Is Machine Learning Helping or Hurting Manufacturing?
Although the manufacturing industry is well established, the vertical still has its ups and downs. Over the years, industry leaders have made advances that pushed the entire vertical forward. Henry Ford’s moving assembly line didn’t only benefit automakers, for example. It revolutionized the manufacturing industry overall.
In more recent times, manufacturers have an ever-increasing amount of data available across niches. Even if you agree that’s a good thing, the data provides no additional value unless manufacturers can do something with it.
While humans are capable of analyzing data, just one typical manufacturer would need a veritable army of analysts to sort through the information it collects in an hour. Luckily, there are alternatives to ramping up your team of analysts and multiplying your company’s labor costs. And those alternatives are machine learning and artificial intelligence.
Machine Learning vs. Artificial Intelligence (AI): What’s the Difference?
If you’re familiar with manufacturing trends, you’ve probably heard the terms “machine learning” and “AI.” You may have even noticed people using them interchangeably. Although that’s fairly common, they aren’t the same thing.
In laymen’s terms, artificial intelligence is a broad concept involving machines doing things humans can do in a “smart” manner. Machine learning puts AI to work in the context of machines gaining knowledge as they access and analyze data.
Current Uses of Machine Learning and AI in Manufacturing
From the C-suite to the frontlines, machine learning and AI are disrupting the manufacturing industry in remarkable ways. It’s wise to remember this piece of manufacturing advice — this technology is here to stay, and it will only disrupt the manufacturing vertical even more in the years ahead.
When you visit a carmaker’s production floor and see robots building vehicles, you are witnessing AI at work. If you get an automated notice from a vendor that your supply of widgets is running low even though the vendor is halfway across the globe, you are benefiting from machine learning. However, these examples of AI and machine learning are merely the tip of the figurative iceberg.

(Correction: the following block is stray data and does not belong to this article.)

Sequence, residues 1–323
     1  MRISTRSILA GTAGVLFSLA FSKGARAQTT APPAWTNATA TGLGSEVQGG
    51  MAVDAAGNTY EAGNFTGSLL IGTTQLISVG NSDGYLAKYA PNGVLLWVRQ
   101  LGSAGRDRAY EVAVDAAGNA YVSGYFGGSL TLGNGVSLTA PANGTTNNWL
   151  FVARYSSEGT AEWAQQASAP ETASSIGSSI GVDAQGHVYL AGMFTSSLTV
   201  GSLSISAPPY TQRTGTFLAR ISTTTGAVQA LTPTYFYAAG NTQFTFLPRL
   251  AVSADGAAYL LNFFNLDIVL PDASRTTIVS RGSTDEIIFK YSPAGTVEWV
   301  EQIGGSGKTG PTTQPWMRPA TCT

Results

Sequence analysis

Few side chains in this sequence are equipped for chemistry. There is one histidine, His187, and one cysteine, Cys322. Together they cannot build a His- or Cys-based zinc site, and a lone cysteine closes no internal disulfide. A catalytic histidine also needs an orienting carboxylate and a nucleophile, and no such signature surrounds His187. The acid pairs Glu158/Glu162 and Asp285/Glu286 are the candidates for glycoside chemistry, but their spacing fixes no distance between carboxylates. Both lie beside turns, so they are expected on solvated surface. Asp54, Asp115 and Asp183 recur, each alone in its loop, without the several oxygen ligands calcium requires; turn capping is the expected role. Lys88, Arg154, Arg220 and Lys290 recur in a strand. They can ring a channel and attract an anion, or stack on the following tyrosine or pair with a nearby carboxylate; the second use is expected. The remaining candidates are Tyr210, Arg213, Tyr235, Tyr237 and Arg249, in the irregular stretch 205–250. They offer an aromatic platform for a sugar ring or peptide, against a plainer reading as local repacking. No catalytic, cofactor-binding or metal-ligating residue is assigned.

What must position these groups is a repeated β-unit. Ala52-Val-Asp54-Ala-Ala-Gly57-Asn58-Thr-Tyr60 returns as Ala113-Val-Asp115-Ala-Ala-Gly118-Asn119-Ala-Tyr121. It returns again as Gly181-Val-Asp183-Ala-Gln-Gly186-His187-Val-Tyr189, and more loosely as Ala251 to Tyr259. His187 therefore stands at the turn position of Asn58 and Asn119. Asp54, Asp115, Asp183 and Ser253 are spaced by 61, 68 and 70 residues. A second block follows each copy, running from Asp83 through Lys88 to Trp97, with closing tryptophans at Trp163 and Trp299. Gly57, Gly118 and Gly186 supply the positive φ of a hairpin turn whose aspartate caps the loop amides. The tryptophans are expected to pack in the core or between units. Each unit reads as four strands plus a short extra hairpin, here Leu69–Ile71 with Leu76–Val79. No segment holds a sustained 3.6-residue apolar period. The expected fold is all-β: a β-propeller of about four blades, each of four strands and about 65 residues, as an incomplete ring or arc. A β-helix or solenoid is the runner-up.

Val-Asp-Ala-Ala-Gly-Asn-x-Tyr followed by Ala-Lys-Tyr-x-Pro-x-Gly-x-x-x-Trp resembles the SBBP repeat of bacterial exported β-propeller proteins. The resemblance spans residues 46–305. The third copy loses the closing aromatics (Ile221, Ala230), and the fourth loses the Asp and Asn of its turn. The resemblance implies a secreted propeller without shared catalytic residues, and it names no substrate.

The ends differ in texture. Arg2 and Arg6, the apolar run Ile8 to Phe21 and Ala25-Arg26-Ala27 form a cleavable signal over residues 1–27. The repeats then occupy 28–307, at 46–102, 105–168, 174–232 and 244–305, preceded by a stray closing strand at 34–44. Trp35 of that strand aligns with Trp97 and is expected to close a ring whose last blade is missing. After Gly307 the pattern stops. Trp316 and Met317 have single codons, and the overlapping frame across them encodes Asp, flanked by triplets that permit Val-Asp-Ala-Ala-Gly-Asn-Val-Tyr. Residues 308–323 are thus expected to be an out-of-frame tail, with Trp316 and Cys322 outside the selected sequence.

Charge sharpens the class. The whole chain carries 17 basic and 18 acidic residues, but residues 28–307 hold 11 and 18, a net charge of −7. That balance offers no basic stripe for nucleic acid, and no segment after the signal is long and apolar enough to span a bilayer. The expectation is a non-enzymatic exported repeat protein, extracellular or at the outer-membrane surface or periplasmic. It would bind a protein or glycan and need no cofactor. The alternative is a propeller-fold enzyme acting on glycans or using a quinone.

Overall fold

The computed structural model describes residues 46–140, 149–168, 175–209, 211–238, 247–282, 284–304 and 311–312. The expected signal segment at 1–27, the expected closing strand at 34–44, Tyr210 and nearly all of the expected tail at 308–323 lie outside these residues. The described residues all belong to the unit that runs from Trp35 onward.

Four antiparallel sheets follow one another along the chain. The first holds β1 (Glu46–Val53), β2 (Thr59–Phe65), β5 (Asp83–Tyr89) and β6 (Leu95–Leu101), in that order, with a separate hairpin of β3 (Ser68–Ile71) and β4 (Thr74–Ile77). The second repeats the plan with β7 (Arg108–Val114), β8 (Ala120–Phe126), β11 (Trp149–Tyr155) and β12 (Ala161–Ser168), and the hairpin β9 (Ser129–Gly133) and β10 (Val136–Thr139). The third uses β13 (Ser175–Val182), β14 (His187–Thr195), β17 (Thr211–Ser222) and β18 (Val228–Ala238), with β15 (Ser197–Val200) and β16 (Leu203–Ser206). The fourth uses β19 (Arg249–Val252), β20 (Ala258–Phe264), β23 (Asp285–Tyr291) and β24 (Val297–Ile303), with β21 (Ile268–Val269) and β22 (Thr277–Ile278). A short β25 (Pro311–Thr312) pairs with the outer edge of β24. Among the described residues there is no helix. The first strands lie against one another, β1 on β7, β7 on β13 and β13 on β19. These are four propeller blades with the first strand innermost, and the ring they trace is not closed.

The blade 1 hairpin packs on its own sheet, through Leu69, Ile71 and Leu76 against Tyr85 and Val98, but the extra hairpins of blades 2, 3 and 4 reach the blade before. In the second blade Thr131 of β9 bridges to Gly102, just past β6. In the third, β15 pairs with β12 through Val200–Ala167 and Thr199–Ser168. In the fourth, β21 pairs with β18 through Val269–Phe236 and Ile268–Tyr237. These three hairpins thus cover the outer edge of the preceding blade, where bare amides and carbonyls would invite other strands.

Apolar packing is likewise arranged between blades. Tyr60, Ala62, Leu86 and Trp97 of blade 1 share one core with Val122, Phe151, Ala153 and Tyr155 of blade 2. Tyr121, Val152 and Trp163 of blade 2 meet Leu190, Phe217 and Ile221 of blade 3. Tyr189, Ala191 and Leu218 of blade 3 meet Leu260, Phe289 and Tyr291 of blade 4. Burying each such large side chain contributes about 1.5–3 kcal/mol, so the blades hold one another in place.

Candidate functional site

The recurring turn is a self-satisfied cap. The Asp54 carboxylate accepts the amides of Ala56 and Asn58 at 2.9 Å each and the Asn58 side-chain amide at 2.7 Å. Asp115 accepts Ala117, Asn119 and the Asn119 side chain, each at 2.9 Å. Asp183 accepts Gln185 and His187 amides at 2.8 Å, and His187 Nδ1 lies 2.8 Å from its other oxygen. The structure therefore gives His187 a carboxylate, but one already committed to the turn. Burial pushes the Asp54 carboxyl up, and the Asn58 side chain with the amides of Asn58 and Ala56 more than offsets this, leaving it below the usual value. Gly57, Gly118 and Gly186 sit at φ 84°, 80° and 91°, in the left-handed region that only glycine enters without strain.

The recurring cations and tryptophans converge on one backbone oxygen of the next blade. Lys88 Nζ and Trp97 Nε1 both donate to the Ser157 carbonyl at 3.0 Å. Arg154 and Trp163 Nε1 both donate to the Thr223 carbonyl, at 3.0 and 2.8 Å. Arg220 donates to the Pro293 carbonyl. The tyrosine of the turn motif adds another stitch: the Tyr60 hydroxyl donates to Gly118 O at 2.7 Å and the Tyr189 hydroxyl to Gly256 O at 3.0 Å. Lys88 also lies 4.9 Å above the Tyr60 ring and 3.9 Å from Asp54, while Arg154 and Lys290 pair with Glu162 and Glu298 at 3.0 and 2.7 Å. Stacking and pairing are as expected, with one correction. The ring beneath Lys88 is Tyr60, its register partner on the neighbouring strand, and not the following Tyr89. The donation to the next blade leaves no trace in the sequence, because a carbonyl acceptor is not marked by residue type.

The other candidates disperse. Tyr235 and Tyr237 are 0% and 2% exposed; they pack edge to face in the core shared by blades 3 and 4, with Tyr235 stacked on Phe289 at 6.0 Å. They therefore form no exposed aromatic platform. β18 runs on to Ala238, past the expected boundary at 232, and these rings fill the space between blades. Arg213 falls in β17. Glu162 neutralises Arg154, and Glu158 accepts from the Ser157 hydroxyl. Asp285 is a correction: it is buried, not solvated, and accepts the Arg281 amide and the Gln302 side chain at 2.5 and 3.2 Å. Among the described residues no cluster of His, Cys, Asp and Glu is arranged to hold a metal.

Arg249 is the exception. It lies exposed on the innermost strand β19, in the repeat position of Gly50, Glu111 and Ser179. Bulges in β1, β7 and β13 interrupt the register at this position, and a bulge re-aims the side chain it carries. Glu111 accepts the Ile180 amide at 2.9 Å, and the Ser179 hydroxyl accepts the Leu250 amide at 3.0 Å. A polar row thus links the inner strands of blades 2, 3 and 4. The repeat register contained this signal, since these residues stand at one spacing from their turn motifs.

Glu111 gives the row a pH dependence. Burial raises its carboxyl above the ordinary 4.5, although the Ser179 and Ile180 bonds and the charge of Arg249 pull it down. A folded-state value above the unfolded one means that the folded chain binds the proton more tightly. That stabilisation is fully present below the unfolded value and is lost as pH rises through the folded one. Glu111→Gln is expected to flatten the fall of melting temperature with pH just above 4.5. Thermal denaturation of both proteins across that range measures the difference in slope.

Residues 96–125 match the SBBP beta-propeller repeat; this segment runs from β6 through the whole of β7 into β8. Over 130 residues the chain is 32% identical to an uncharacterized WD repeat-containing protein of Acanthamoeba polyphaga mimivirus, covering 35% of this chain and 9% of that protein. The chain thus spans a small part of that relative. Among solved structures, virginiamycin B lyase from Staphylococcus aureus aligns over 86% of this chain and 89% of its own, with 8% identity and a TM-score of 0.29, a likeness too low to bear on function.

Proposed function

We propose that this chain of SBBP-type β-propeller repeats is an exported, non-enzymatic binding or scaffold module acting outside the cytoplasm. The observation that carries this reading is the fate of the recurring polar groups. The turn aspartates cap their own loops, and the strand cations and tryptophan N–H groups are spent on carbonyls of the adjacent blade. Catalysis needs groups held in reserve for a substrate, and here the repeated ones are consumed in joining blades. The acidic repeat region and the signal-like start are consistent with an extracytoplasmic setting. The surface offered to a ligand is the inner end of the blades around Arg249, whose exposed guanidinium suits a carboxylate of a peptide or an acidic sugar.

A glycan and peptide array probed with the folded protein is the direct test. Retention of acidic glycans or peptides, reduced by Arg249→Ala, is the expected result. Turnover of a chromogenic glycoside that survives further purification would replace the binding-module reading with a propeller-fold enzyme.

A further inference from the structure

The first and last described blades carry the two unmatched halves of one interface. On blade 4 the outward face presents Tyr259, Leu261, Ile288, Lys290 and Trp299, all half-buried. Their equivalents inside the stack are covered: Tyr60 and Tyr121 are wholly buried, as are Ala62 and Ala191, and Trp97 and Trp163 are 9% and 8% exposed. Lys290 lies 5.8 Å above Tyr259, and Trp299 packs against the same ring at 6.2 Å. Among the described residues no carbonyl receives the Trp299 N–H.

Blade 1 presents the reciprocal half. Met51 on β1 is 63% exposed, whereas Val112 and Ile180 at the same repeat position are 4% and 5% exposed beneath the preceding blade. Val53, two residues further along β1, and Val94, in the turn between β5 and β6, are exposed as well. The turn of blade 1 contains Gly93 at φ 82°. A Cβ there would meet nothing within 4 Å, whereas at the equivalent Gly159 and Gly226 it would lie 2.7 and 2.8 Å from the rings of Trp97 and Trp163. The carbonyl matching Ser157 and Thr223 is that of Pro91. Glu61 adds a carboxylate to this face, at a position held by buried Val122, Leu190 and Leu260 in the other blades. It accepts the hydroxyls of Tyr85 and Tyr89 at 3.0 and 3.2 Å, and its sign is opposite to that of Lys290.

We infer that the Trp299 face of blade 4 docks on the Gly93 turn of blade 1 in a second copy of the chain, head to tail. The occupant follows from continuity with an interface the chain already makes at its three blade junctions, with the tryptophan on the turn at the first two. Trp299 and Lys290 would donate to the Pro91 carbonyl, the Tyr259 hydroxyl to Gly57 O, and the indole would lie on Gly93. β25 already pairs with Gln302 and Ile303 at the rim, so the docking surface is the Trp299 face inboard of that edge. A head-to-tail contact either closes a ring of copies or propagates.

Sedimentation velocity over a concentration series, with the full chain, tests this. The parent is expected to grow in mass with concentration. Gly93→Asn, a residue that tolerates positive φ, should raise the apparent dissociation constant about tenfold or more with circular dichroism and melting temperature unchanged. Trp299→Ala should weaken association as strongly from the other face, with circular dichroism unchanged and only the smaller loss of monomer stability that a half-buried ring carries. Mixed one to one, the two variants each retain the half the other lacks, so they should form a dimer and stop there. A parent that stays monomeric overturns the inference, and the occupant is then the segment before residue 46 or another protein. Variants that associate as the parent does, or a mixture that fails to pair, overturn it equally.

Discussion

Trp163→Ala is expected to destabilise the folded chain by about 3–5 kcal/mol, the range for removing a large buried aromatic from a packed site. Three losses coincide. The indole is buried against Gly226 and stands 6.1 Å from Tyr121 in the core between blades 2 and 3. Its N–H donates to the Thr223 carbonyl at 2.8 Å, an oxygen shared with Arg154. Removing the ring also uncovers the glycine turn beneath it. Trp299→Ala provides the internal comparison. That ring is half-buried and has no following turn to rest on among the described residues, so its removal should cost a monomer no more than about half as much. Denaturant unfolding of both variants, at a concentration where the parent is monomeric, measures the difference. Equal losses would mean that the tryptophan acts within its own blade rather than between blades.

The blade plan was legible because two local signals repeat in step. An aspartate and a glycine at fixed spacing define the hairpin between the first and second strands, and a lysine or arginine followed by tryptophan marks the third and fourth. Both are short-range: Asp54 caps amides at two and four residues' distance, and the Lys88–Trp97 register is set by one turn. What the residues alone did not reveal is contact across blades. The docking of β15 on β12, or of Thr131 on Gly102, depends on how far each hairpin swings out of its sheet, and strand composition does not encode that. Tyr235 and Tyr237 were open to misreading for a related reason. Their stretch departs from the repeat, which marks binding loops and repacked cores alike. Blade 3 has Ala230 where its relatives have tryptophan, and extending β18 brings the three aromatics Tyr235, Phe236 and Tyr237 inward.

The Future of Machine Learning and AI in Manufacturing
It’s not overstating to say the future of machine learning and artificial intelligence in manufacturing and other industries is limitless. The only limit to this technology is human imagination. If they’re not already in place as you’re reading this, these capabilities aren’t too far off on the horizon:
- Self-driving trucks and forklifts
- Robotic pickers
- Automated deliveries
- Self-monitoring inventories
- Autonomous compliance and regulatory checks
- Automated order tracking
Pros and Cons of Machine Learning and Artificial Intelligence
Machine learning and artificial intelligence can make manufacturing more efficient and order fulfillment more accurate and less labor-intensive. While that’s great news, the technology has one widely perceived downside that makes some hesitant to adopt machine learning and AI — employment.
Some people worry machine learning and AI will replace too many human workers. While this concern is understandable, it shouldn’t deter any manufacturer from adopting machine learning and AI. Incorporating this technology into your operation doesn’t mean you’ll have to let anyone go. Instead, it will give your company the chance to retrain some employees to perform different tasks.
People will still have to program and maintain robotic workers. Employees will still have to intervene if a system crashes or malfunctions. Rather than replace employees, machine learning and AI can get used alongside humans in the manufacturing industry.
What Are Your Thoughts Regarding Machine Learning and AI?
Do you agree with Global Electronic Services and believe machine learning and AI are helping rather than hurting manufacturing? Whether or not you share our viewpoint, we’d love to hear what you think. Please share your thoughts below.